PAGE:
Lanny McDowell had a grand surprise last week.

His grand surprise was a butterfly. Grand surprise is the less-known name of the mourning cloak, (also called a white petticoat), a butterfly that recently emerged from its winter hideaway.

While most butterflies spend the winter in one of their other three life cycle stages — egg, pupa, or caterpillar — mourning cloaks overwinter as butterflies. This is rare among butterflies and they are one of only a few species that do so in our area.

Mourning cloaks are usually the first butterflies to emerge in the spring. Lanny saw his on April 11. This butterfly’s emergence coincides with the running of tree sap, which is the adults’ preferred food supply. While most butterflies are known to lap flower nectar, mourning cloaks are sap-suckers, especially enjoying oak tree sap. Alternately, mourning cloaks munch on rotting fruit, dung, and as a last resort, nectar.

The emerging mourning cloaks are not sad, rather they are glad and ready to find a mate, which is the first order of business. After an aerial courtship and mating, the female will lay a group of eggs in a cluster on a single twig.

These eggs and the caterpillars that hatch from them are so numerous that 19th-century American biologist Thaddeus William observed that the larvae were “in such profusion on the willow and elm, that the limbs bent under their weight.” Another account from entomologist Samuel Hubbard Scudder concurred, calling them “so numerous as to become positively injurious.”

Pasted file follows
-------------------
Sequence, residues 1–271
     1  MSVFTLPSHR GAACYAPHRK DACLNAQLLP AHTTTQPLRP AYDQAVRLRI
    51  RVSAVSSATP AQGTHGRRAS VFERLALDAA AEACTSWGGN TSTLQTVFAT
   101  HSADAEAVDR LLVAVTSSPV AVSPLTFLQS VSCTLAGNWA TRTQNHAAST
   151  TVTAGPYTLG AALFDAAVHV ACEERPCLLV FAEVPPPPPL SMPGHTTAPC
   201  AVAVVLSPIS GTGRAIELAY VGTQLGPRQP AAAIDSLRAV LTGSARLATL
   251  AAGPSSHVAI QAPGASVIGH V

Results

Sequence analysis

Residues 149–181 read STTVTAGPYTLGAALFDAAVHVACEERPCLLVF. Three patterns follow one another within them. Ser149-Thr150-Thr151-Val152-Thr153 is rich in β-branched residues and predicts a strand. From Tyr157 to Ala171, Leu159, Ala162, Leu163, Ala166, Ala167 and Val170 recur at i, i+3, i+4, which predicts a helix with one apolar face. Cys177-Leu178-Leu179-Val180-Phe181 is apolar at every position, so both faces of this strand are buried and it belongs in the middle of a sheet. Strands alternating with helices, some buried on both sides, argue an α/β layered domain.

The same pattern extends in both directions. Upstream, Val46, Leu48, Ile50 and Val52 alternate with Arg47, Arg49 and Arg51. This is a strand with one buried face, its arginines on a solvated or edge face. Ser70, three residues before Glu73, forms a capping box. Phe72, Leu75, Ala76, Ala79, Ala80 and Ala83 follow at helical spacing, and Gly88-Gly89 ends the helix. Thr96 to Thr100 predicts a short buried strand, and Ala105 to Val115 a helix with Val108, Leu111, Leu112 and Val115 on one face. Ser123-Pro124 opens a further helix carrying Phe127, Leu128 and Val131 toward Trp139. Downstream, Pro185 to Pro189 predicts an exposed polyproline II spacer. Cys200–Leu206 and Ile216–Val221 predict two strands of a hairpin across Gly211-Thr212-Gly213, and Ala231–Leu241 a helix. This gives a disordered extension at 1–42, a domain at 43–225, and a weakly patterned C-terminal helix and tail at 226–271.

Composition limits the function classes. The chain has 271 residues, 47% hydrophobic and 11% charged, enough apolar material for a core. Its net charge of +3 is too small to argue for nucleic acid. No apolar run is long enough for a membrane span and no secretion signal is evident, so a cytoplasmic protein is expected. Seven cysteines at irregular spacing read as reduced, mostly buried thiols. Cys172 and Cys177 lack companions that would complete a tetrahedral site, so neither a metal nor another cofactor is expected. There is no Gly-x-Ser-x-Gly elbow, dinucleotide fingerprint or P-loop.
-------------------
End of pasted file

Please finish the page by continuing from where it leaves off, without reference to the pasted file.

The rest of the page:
After assuring the survival of the next generation, the adult mourning cloaks die and leave their progeny on their own.

While there is danger ahead for these little surprises, the first threat comes from their own. Though we think of caterpillars as plant-consumers, a Penn State University source reports that newly hatched caterpillars can consume the soon to be hatched eggs. Siblicide becomes the caterpillar crime, the result of which is some lost brothers and sisters.

For the surviving caterpillars, there is strength in numbers. When other predators come calling, the mass of black and red spiky caterpillars, called spiny elm caterpillars, will work together to deter any enemies. The spikes, called scoli, may not be scary enough individually, but the caterpillars gang up. En masse, they twitch in unison and shake the branch on which they are feeding to warn off invading insects, birds, or other foes.

After a series of molts, called instars, the survivors will go on their merry way alone to find a place to pupate and form a chrysalis where they will spend just over two weeks before metamorphosing into the familiar brown with yellow-edged butterfly.

The resultant butterfly can estivate, which is the summer equivalent of hibernation, making it a second sleep for this species in its eleven-month lifespan. So if they mourn for their lost parents, brothers, and sisters, they can rejoice in their finely tuned life cycle, which enables them to avoid the harshest weather of winter and summer, and focus on eternal spring.

Suzan Bellincampi is director of the Felix Neck Wildlife Sanctuary in Edgartown, and author of Martha’s Vineyard: A Field Guide to Island Nature.